Published: 14 December 2013
Zoologist and polymath Desmond Morris:
‘Because I’ve studied human body language people think I can’t be relaxed and natural’
We ask a celebrity a set of devilishly probing questions – and only accept THE definitive answer. This week it’s zoologist Desmond Morris…
The prized possession you value above all others... My great-grandfather’s Victorian brass microscope, which I found in the attic when I was ten. It started my fascination with nature.
The biggest regret you wish you could amend... Not being multilingual. I can speak a bit of French and Spanish, but I’m 85 now and I’ve given up hope of speaking anything else fluently.
The way you would spend your fantasy 24 hours, with no travel restrictions... My wife Ramona and I would wake up at a game lodge in Maralal, Kenya, and watch the zebra stallions arguing over their females. I’d have a full English breakfast, then we’d go to the Prado museum in Madrid to enjoy Hieronymus Bosch’s triptych The Garden Of Earthly Delights.
We’d have lunch at Bofinger in Paris: a seafood platter with a glass of white wine, then go snorkelling over the coral reefs off the island of Embudu Village in the Maldives. We’d be joined by our son Jason, his wife Annie, and our four grandchildren, aged nine to 16. In the evening Ramona and I would go to Raffles Hotel in Singapore for a Singapore Sling in the Long Bar before dining on Argentine beef at the Esquina Carlos Gardel Theatre in Buenos Aires while watching an Argentinian tango. At midnight we’d go to a jazz club in New Orleans.
The temptation you wish you could resist... Fox’s Glacier mints. They have replaced cigarettes for me. I smoked for 30 years but gave up in 1982. I’m sure the mints are doing me some damage but at my age I don’t care.
The book that holds an everlasting resonance... The Disasters Of War by the painter Francisco Goya. I found these horrific images of torture and death in the school library when I was 16. It confirmed my youthful suspicion that humans were, as I wrote in a school essay, ‘monkeys with diseased brains’.
The priority activity if you were the Invisible Man for a day... I’d enjoy not being able to see my ageing body.
The pet hate that makes your hackles rise... Action movies with levels of violence that numb the brain.
The film you can watch time and time again... Laurel And Hardy’s The Music Box from 1932. I used to laugh myself sick at it when I was a child.
The person who has influenced you most... Ian Hamilton, my school biology teacher. He taught me to seek out unanswered questions.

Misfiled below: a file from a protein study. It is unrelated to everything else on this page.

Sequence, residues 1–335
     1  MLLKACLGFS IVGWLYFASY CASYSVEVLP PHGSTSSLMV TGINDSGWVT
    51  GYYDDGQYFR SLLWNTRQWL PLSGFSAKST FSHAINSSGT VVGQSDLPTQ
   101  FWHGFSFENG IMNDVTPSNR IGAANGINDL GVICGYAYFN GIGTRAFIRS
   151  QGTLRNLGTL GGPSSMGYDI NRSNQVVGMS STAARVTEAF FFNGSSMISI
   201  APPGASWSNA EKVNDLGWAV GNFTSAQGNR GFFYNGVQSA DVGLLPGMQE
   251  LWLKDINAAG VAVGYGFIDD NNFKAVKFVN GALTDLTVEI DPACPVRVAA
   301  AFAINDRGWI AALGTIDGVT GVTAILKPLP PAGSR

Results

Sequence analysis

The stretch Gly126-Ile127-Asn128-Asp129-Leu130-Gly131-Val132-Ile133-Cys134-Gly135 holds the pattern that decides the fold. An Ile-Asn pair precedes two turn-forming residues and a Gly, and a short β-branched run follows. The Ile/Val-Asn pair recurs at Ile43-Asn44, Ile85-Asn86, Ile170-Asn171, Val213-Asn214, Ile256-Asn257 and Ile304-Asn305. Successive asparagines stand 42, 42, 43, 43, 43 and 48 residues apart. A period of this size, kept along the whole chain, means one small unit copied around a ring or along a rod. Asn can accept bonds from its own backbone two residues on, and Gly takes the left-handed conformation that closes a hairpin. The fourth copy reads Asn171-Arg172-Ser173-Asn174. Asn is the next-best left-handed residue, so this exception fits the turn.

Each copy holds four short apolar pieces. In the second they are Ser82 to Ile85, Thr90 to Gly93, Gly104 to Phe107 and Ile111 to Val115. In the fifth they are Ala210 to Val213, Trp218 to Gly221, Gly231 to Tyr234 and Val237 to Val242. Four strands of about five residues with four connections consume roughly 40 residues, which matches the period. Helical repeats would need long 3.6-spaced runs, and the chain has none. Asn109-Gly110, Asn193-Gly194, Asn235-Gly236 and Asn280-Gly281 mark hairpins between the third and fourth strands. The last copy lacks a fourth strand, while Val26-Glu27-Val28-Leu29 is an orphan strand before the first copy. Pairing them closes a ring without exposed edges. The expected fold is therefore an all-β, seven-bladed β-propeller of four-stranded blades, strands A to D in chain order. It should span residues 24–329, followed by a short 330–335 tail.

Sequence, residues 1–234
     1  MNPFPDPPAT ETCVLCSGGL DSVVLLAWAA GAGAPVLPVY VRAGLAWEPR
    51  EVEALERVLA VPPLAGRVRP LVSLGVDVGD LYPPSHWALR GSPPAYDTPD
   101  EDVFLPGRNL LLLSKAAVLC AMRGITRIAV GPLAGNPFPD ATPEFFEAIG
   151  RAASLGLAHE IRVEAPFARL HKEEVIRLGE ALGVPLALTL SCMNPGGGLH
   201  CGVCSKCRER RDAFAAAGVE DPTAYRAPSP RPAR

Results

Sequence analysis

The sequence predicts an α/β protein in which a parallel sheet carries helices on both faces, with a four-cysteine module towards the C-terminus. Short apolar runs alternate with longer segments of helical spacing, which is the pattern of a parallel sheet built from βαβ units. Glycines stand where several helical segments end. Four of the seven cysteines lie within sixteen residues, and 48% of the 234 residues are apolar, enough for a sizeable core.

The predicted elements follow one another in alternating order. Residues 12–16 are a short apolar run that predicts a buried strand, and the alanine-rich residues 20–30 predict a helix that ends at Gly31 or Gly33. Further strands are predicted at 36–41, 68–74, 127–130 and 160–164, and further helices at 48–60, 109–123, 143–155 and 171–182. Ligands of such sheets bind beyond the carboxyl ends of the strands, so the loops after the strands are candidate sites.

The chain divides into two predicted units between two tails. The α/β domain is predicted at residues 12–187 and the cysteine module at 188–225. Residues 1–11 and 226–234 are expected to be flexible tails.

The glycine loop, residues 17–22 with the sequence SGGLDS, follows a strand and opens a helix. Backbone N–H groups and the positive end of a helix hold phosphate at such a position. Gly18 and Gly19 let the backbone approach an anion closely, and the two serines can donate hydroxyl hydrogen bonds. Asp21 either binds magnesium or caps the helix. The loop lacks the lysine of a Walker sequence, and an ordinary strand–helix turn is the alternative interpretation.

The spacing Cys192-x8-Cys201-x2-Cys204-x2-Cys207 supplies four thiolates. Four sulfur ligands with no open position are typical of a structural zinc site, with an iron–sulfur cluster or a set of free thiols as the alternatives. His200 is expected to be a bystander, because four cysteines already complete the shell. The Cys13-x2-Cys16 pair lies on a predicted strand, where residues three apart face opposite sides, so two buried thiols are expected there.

The figure from history for whom you’d most like to buy a pie and a pint... Charlie Darwin. His concept of evolution has dominated my thinking since I started studying animals in 1949.
The piece of wisdom you would pass on to a child... Ignore adults’ wisdom!
The unlikely interest that engages your curiosity... Drumming. I played drums when I was 16 and I still have one of my tom-toms from that era.
The treasured item you lost and wish you could have again... A batch of paintings I made when I was 19. I put them on the roof of my car while loading it up then forgot about them and drove off. I often wonder if they were ever discovered and kept by someone.
The unending quest that drives you on... To visit every country in the world.
The poem that touches your soul... Snake by DH Lawrence because it shows a man discovering the wonder of a creature he is supposed to fear.
The misapprehension about yourself you wish you could erase... That I’m always examining people. Because I’ve studied human body language people think I can’t be relaxed and natural.
The event that altered the course of your life and character... My father Harry’s death when I was 14. He died at 48 because his lungs were ruined by gas in WWI. It gave me a hatred of war.
The crime you would commit knowing you could get away with it... I’d drive at 100mph along a deserted motorway. I used to do a ‘ton on the one’ when the M1 opened in 1959 with no speed limit.
The song that means most to you... Imagine by John Lennon. His lyrics contain a very important message.
The happiest moment you will cherish forever... When my book The Naked Ape became a bestseller in 1967.
The saddest time that shook your world... The death of a tame Chinese water deer called Psyche in 1977. She had crippling arthritis and I held her while the vet gave her the injection. Her look haunts me to this day.
The unfulfilled ambition that continues to haunt you... To paint one perfect picture and to write one perfect book.
The philosophy that underpins your life... Never stop asking questions.
The order of service at your funeral... I won’t be there, so I couldn’t care less.
The way you want to be remembered... He tried to tell the truth about human and animal behaviour. And as an artist.
The Plug... My new book The Artistic Ape – Three Million Years Of Art is published by Red Lemon Press, £30. Visit www.redlemonpress.com
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